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Pinus Densiflora Seeds (Japanese Red Pine Tree Seeds)


Pinus Densiflora (Japanese Red Pine Tree)

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  • Pinus Densiflora (Japanese Red Pine Tree)

Product Name Price Qty
15+ Pinus Densiflora Seeds (Japanese Red Pine Seeds)
$1.40
100 Pinus Densiflora Seeds (Japanese Red Pine Seeds)
$3.60
500 Pinus Densiflora Seeds (Japanese Red Pine Seeds)
$13.00
2000 Pinus Densiflora Seeds (Japanese Red Pine Seeds)
$38.00
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Quick Overview

A distinguishing feature of this tree is the often crooked or sweeping trunk which shows reddish-orange peeling bark; very showy trunk.


Product Description

Japanese red pine is widely used as a bonsai tree. If left to grow naturally, it reaches 30 to 50 feet tall. A truly classic and beautiful tree for bonsai.

A distinguishing feature of this tree is the often crooked or sweeping trunk which shows reddish-orange peeling bark; very showy trunk. The tree wants to grow with several trunks but can be trained to grow with a single trunk. It has soft bendable branches that tend to sweep upward. Needs little pruning to develop a strong structure.

A cone-like evergreen tree with broad irregular head. In Japan it is thought of as 'feminine' because of the soft informal appearance. Soft bright blue green or yellow green needles are arranged in pairs and remain on the tree for about three years.

Hardiness zones 3-7, (-37°C/-35°F, -15°C/-5°F) in Winter. Grow in fertile well-drained soil. Keep a bit on the dry side; increase sand for drainage in soil mix. The tree can tolerate drought. Grows best in semi-shade to full indirect light. Doesn’t like extreme heat; give afternoon shade.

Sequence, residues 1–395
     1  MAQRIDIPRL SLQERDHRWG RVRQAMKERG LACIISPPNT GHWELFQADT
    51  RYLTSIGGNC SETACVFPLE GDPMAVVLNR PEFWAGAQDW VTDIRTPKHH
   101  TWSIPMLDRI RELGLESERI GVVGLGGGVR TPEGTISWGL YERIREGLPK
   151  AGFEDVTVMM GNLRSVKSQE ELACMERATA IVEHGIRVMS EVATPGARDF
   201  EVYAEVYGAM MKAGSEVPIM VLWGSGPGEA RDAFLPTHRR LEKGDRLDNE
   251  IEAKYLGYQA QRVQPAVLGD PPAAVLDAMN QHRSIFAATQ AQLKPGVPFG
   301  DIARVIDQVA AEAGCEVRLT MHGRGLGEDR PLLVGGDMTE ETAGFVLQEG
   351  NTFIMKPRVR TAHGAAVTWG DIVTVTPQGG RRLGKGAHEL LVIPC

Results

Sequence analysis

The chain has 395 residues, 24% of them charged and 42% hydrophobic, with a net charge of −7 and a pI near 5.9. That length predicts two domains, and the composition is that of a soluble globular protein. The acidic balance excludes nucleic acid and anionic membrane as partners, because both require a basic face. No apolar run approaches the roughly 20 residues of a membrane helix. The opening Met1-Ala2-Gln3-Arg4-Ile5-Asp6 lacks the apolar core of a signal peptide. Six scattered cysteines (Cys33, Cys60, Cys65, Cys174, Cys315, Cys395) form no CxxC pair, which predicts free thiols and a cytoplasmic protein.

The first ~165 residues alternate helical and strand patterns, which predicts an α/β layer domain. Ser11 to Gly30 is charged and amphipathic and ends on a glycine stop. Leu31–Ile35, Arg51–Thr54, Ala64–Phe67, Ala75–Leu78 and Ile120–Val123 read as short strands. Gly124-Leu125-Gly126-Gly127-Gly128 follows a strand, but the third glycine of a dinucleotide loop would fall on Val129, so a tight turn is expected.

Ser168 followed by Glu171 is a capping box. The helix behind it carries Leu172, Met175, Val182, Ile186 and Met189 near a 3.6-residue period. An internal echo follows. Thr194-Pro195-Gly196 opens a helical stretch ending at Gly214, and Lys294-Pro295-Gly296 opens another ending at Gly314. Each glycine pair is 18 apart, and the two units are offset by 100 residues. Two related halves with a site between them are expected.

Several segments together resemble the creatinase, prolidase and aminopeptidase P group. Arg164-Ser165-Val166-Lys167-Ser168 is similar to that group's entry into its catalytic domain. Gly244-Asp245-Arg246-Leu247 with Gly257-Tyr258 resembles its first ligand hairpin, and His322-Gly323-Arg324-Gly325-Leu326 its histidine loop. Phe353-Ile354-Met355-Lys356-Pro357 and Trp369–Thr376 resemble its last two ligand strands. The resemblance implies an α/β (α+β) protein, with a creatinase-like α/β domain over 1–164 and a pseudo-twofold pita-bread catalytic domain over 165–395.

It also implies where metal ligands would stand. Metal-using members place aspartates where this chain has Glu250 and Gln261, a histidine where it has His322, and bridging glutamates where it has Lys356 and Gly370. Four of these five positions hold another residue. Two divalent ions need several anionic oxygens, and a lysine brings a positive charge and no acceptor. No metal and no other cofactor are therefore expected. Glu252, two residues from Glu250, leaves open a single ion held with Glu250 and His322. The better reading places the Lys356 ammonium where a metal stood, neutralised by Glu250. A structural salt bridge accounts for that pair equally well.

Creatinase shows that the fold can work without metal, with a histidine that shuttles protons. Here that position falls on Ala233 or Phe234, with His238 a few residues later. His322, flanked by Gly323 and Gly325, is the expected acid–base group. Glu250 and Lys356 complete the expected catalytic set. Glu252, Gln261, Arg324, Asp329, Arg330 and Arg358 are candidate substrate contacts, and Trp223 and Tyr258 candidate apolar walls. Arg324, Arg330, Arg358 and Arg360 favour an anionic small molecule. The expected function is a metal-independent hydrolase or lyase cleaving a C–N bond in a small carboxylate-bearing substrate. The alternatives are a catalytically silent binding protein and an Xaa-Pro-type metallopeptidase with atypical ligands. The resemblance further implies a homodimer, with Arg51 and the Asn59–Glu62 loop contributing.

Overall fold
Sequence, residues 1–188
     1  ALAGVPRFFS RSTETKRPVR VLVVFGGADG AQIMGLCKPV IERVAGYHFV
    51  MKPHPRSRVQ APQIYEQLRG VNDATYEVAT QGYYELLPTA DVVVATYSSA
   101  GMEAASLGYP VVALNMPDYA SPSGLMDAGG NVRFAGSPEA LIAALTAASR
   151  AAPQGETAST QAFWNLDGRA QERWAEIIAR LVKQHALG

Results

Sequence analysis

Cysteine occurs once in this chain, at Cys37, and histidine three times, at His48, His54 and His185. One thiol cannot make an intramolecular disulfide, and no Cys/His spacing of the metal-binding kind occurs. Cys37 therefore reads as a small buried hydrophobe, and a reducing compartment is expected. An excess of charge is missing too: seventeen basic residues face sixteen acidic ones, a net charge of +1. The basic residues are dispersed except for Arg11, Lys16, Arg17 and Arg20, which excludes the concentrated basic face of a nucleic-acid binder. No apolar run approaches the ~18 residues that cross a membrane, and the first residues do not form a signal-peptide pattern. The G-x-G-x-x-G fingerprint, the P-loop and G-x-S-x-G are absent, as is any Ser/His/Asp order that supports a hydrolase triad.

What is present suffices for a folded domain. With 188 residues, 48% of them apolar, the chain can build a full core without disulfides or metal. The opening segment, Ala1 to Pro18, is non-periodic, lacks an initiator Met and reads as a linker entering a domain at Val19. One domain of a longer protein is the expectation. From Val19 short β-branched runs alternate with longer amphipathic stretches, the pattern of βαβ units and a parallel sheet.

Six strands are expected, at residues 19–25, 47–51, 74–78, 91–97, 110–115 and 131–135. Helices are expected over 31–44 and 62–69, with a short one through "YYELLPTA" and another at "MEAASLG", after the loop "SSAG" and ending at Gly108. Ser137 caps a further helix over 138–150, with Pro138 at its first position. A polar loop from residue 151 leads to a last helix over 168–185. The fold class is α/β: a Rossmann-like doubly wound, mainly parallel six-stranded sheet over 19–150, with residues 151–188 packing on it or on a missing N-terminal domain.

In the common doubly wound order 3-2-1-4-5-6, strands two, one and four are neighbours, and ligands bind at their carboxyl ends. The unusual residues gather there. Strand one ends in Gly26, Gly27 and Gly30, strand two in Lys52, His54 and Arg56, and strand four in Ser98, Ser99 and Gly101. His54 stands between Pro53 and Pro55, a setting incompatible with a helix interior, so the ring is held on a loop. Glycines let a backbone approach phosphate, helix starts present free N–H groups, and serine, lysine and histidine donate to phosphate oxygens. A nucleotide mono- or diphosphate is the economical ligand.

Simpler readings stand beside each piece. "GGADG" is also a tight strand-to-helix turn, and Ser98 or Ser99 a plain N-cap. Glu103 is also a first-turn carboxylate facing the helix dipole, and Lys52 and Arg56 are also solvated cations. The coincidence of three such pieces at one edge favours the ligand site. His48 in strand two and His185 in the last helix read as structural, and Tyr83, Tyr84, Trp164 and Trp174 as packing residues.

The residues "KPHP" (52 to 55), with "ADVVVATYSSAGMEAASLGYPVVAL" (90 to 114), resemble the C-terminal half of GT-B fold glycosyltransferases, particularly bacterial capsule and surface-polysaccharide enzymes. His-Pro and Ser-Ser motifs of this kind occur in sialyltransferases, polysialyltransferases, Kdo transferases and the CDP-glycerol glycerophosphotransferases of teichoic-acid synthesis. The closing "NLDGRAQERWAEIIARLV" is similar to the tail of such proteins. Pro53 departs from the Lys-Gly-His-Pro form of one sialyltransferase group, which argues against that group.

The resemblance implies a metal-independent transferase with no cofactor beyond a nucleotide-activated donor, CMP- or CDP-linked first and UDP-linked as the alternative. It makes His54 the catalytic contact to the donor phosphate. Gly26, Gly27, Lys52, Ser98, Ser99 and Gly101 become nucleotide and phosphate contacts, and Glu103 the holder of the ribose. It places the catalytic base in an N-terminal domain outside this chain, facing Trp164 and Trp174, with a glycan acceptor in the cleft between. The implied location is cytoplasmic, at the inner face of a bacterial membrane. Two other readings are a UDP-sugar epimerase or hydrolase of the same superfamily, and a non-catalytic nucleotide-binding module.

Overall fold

Additional Information

Germination

First, scarify the seeds. For faster germination, soak the seeds in slightly hot water for 24-48 hours, followed by 4-6 weeks cold stratification before sowing at 1/4" deep in sterile gardening soil. Keep damp soil, not soaking wet. Keep pot in warm situation, 68-75°F. Germination usually occurs several months. It can be more depending on their degree of unbroken dormancy, don't give up.

Scarification / Stratification

Seed coats may be so hard that they are impermeable to water. They need to be scratched or broken using a knife or sandpaper, in order to germinate. Chip the seeds with a sharp knife or make a few swipes with a sharp edged file or use sandpaper to allow moisture being more readily absorbed.

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